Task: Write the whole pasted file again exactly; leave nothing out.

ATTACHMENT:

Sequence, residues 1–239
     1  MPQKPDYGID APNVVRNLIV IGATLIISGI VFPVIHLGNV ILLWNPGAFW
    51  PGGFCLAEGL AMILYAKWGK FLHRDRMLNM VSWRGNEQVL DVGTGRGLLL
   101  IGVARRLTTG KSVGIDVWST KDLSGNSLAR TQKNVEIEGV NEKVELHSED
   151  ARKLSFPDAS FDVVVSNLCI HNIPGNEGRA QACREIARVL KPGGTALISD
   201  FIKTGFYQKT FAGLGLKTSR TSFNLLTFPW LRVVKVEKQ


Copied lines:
Sequence, residues 1–239
     1  MPQKPDYGID APNVVRNLIV IGATLIISGI VFPVIHLGNV ILLWNPGAFW
    51  PGGFCLAEGL AMILYAKWGK FLHRDRMLNM VSWRGNEQVL DVGTGRGLLL
   101  IGVARRLTTG KSVGIDVWST KDLSGNSLAR TQKNVEIEGV NEKVELHSED
   151  ARKLSFPDAS FDVVVSNLCI HNIPGNEGRA QACREIARVL KPGGTALISD
   201  FIKTGFYQKT FAGLGLKTSR TSFNLLTFPW LRVVKVEKQ